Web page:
Upon their arrival in Lagos in August 1973, Wings found the circumstances far from perfect. They rented houses near the airport in Ikeja, an hour’s journey from EMI’s studio in Apapa. While Paul McCartney considered using some local musicians during the sessions, the reception from some of the locals increased his resolve to go it alone.
We went there intending to use some of the local musicians. We thought we might have some African brass and drums and things. We started off thinking of doing a track with an African feel, or maybe a few tracks, or maybe even the whole album, using the local conga players and African fellows. But when we got there, and we were looking round and watching the local bands, one of the fellows, Fela Ransome-Kuti, came up to us after a day or two, and said: ‘You’re trying to steal the black musicians’ music.’ We said, ‘No, we’re not! Do us a favour, Fela. We do all right as it is, actually. We sell a record here and there. We just want to use some of your guys.’ But he got heavy about it, until in the end we thought, ‘Blow you then, we’ll do it all ourselves.’ So we did and the only guy from Africa we used, Remi Kebaka, was someone we met in London, then we discovered that he came from Lagos. But that was purely coincidental.
Wings met Ransome-Kuti through former Cream drummer Ginger Baker, who owned ARC Studios in Ikeja. Baker was keen for Wings to record the whole album at ARC, but only one Band On The Run session took place there, for the song ‘Picasso’s Last Words (Drink To Me)’.
Around two weeks into their Nigerian visit, Paul and Linda McCartney were mugged at knifepoint, and demo tapes of the songs were stolen. Paul had to remember the words and music for the songs.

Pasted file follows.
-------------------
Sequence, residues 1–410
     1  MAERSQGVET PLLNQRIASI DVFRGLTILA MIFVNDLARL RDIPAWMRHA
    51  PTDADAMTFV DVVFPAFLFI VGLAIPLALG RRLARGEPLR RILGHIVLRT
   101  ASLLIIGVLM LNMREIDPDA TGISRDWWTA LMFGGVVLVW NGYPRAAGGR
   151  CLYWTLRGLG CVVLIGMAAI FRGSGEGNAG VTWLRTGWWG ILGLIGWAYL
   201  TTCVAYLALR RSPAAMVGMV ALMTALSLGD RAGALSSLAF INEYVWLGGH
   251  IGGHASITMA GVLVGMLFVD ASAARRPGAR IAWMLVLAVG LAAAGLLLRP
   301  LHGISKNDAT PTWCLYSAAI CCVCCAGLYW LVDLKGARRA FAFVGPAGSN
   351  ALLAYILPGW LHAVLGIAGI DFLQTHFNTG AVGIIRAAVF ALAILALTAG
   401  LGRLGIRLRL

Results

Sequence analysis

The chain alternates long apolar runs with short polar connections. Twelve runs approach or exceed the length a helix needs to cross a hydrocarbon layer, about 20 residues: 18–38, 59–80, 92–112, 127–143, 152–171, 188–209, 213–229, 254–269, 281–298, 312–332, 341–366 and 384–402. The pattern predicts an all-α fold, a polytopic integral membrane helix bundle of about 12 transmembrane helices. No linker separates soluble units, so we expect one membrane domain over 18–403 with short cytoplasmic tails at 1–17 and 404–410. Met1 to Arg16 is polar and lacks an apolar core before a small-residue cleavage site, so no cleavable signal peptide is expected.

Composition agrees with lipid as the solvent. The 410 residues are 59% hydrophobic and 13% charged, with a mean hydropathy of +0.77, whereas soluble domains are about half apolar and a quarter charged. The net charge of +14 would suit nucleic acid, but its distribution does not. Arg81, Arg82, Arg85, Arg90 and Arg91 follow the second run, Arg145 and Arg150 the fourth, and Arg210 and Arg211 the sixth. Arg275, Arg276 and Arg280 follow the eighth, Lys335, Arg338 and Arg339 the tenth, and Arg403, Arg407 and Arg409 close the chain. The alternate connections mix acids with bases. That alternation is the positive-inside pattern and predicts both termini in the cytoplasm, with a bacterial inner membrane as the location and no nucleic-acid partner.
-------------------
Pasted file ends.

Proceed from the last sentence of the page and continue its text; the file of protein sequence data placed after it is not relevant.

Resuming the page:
After we had been in Lagos a couple of weeks, we were held up and robbed at knife point. Linda and I had set off like a couple of tourists, loaded with tapes and cameras, to walk to Denny’s house, which was about twenty minutes down the road. A car pulls up beside us and goes a little bit ahead. Then a guy gets out and I thought that he wanted to give us a lift. So I said, ‘Listen, mate, it’s very nice of you, thanks very much but we are going for a walk.’ I patted him on the back and he got back in the car, which went a little way up the road. It stopped again and Linda was getting a bit worried. Then one of them, there were about five or six black guys, rolled down the window and asked, ‘Are you a traveller?’ I still think that if I had thought really quickly and said, ‘Yes, God’s traveller,’ or something like that to freak them out a bit, maybe they would have left us alone. But I said, ‘No, we are just out for a little walk. It’s a holiday and we are tourists,’ giving the whole game away. So, with that, all the doors of the car flew open and they all came out and one of them had a knife. Their eyes were wild and Linda was screaming, ‘He’s a musician, don’t kill him,’ you know, all the unreasonable stuff you shout in situations like that. So I’m saying, ‘What do you want? Money?’ And they said, ‘Yeah, money,’ and I handed some over. Shaking, we walked on home and we were just sitting down having a cup of coffee to try and recover our nerves and there was a power cut. We thought they had come back and cut the power cables. We had a lot of trouble sleeping that night and got back to the studio the next day to be told, ‘You’re lucky to be alive. If you had been black, they’d have killed you. But, as you’re white, they know you won’t recognise them.’ I wanted to call the police, but everyone said it would do no good there at all. With that we had to carry on and make the record, adding to the pressure, which we had already got.